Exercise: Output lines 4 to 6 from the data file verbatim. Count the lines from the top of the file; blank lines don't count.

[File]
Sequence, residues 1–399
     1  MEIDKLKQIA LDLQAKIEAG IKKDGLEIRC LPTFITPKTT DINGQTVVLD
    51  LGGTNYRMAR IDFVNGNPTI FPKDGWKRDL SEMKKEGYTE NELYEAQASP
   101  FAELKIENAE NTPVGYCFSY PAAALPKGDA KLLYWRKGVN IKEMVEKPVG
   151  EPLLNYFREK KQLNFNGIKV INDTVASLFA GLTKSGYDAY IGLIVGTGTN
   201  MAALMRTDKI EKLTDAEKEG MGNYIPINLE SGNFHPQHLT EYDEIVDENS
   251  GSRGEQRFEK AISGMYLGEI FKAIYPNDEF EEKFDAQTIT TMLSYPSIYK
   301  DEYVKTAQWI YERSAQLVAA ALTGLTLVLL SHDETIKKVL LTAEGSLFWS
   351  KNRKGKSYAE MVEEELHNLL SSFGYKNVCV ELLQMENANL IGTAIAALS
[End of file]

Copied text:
   101  FAELKIENAE NTPVGYCFSY PAAALPKGDA KLLYWRKGVN IKEMVEKPVG
   151  EPLLNYFREK KQLNFNGIKV INDTVASLFA GLTKSGYDAY IGLIVGTGTN
   201  MAALMRTDKI EKLTDAEKEG MGNYIPINLE SGNFHPQHLT EYDEIVDENS